Forgotten tragedy of Italian war detainees Forgotten tragedy of Italian war detainees
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Forgotten tragedy of Italian war detainees

    NHK World
    Senior Commentator
    In World War Two, the Japanese army detained more than 32,000 prisoners of war. The grim conditions inside the camps have been documented in photographs and interviews by the occupying forces after the war. But one part of the story has received less attention: the plight of those who became overnight enemies mid-way through the war.
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    Antonio Cancemi

    Antonio Cancemi was serving in the Italian Navy, which was fighting with Japan at the start of the war. But on 8th September, 1943, Italy surrendered to the Allies and instantly became an enemy of Japan. Italian nationals, including Cancemi, were rounded up and detained.

    Antonio's son Giacomo now lives in Tokyo running a long-established Italian restaurant. He says his father always bore the scars of his wartime experiences.

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    Giacomo Cancemi, Antonio's son

    “He enjoyed talking, but when the topic of war came up, he always fell silent. I often hear that people who’ve experienced war will scream at night as though they’re having a nightmare. For example, if someone phoned for him... when I tried to wake him up, he’d jump out of bed," he says.

    Relation of Japan and Italy

    Giacomo says his father was a crewmember on the auxiliary cruiser Calitea that was conducting joint operations with Japan. Italy surrendered to the Allies and declared war on Germany while the Calitea was anchored in Kobe harbor.

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    Italian naval vessel Calitea

    All 121 Italian crew members onboard were suddenly deemed enemies of Japan and taken to a prisoner of war camp near Kobe.

    The POW Research Network Japan has been collecting material and testimonies about the facility. The site is now a residential area, but the nearby steel mill casts a shadow linking the past to the present.

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    The Hirohata POW camp

    The prisoner's testimonies indicate they were forced to perform manual labor at the mill, such as loading and unloading coal and clearing up the iron shavings produced in the steelmaking process.

    The camp held more than 600 POWs who were forced to walk four kilometers each day to the steel mill, where the worked from 7 a.m. until 5 p.m.

    One Italian prisoner of war wrote about the living conditions.

    "I am starving. I eat weeds I find on my way to the steel mill, and take scraps from the garbage, like orange peel and cucumber skins."

    Human experimentation

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    Documents from the post-war occupying forces describing the horrors of a POW camp.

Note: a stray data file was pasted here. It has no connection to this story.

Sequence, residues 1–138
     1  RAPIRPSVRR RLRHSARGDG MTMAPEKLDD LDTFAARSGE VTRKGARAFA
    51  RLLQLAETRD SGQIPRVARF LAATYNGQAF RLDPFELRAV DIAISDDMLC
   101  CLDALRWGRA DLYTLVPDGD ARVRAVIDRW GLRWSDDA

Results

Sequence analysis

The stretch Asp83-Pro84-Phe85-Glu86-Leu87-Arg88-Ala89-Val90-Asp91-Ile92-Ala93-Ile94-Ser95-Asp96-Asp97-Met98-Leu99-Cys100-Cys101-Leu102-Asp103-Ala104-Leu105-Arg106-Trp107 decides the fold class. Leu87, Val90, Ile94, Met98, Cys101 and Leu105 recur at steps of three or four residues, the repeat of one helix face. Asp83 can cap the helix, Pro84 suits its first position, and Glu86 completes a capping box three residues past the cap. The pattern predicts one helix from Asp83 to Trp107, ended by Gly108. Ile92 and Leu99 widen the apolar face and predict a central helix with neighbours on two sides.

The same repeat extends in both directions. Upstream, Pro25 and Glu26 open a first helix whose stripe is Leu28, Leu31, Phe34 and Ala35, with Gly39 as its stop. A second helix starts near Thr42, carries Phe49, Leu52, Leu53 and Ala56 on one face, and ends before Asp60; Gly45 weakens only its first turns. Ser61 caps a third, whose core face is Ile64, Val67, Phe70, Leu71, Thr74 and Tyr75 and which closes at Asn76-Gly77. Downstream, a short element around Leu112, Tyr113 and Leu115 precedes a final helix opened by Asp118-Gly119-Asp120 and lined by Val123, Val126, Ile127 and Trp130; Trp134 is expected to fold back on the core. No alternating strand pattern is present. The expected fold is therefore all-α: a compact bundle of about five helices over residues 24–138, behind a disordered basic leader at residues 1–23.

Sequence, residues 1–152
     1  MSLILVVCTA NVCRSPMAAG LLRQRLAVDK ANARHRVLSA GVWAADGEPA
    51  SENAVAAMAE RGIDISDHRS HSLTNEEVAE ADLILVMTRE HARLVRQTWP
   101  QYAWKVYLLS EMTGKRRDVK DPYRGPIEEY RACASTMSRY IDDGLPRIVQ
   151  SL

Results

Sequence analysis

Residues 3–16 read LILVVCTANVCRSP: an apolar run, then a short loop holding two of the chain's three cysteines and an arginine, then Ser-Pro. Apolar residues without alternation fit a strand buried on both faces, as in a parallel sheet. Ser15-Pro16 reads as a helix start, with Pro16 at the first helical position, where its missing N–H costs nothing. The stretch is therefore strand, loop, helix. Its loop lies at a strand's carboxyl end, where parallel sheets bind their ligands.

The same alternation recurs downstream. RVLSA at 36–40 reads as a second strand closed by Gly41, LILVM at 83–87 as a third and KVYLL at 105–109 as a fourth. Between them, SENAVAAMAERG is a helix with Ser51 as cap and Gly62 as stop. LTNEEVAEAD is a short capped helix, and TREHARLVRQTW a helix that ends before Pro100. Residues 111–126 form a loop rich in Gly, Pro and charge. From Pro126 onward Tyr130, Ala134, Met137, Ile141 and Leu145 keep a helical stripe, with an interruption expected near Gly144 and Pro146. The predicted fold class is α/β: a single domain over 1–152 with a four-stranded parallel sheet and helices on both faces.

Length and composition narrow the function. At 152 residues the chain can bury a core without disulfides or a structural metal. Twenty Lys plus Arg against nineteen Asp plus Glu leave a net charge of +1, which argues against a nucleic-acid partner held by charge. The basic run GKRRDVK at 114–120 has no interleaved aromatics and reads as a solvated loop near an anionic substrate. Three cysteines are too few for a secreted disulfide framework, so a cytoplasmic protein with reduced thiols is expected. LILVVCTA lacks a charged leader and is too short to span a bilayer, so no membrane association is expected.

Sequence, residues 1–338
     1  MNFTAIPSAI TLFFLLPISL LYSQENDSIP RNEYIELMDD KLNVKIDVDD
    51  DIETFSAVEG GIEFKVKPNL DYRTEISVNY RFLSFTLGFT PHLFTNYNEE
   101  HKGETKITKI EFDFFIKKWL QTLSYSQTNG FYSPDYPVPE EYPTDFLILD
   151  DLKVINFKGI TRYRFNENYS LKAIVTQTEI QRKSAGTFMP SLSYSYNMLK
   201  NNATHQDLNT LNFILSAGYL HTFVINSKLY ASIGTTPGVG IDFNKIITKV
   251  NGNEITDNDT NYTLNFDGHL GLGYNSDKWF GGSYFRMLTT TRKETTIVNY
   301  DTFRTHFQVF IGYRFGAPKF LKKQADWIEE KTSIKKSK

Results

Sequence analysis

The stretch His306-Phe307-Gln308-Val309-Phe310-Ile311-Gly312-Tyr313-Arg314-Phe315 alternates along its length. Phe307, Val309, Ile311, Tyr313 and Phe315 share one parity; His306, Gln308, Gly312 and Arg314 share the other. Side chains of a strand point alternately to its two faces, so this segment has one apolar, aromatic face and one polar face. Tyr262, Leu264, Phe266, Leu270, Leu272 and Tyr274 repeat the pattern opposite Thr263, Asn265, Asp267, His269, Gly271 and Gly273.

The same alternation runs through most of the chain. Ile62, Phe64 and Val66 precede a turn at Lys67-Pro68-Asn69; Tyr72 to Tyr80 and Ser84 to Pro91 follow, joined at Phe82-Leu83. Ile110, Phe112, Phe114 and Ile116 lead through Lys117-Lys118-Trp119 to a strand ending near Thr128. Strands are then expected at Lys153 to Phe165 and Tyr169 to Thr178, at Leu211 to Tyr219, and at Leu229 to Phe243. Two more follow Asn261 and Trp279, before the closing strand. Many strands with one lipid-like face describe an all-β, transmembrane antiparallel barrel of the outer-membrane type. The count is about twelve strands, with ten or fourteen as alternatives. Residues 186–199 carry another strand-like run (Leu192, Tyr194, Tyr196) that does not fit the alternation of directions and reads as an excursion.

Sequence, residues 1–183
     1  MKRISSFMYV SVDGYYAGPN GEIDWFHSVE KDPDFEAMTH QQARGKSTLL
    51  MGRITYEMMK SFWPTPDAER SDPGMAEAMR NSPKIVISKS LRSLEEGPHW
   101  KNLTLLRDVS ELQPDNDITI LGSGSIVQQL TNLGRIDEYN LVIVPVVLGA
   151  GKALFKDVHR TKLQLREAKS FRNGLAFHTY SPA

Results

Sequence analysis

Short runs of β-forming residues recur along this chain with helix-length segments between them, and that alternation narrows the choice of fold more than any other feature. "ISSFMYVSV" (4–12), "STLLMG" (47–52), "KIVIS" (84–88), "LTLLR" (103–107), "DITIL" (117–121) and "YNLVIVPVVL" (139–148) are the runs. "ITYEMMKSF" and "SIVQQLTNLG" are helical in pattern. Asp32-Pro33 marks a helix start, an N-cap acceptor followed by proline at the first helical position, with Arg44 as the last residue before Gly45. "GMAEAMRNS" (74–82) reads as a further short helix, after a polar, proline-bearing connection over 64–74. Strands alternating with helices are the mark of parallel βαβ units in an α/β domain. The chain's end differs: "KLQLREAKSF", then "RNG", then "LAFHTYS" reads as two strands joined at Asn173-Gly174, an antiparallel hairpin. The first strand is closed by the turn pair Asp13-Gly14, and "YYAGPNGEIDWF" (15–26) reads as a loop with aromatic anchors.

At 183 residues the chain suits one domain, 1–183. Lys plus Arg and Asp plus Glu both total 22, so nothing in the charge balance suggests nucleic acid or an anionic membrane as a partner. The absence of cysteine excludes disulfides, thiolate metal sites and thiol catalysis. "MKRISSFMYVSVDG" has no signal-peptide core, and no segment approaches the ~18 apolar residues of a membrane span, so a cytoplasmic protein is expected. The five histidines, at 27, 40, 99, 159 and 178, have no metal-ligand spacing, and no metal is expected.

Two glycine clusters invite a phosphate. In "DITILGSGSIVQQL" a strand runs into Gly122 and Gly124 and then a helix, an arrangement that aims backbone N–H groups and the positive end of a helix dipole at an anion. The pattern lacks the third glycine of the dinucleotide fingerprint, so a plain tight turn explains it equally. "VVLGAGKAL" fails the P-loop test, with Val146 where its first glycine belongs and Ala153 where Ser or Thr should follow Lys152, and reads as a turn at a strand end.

Notes taken after the war by the occupying forces include the horrific story of Lieutenant Ernesto Saxida, an officer from the Calitea. He was taken to a POW hospital in Tokyo suffering from beriberi and cirrhosis of the liver. He became a human guinea pig.

    A military doctor injected him with soy milk. He went into a coma with severe and repeated vomiting, and died about 48 hours later.

    That doctor was later convicted of war crimes and sentenced to death.

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    The Tokyo POW hospital where Lieutenant Ernesto Saxida was taken

    Civilians caught

    Italian civilians also found themselves caught up in the turmoil. A photograph from a magazine issued by the Japanese government in 1941 shows three girls -- one from each of the three Axis countries, Japan, Italy and Germany -- enjoying themselves at New Year. The photo series was aimed at promoting the close ties between the countries.

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    A 1941 magazine cover shows girls from the three Axis countries, one of whom was later detained.

    The Italian girl was the daughter of a diplomat, and she was later detained along with more than 40 Italian consular officials and their families. They were sent more than 500 kilometers north, to the mountains of Akita Prefecture. They were crammed into a church, sleeping on bare floorboards.

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    The church in Akita where Italian diplomats and their families were detained.

    Mayumi Komiya of POW Research Network Japan says the lack of facilities must have made it intolerable.

    “Diplomats, ambassadors and their wives, as well as high-ranking military attaches, suddenly had to face a life of starvation with no bathtubs. I think that constitutes abuse, even if they weren’t beaten,” she says.

    More than 10 percent of the POWs and foreign detainees died in captivity, including some who thought they were allies of Japan, but found themselves suddenly cast as enemies.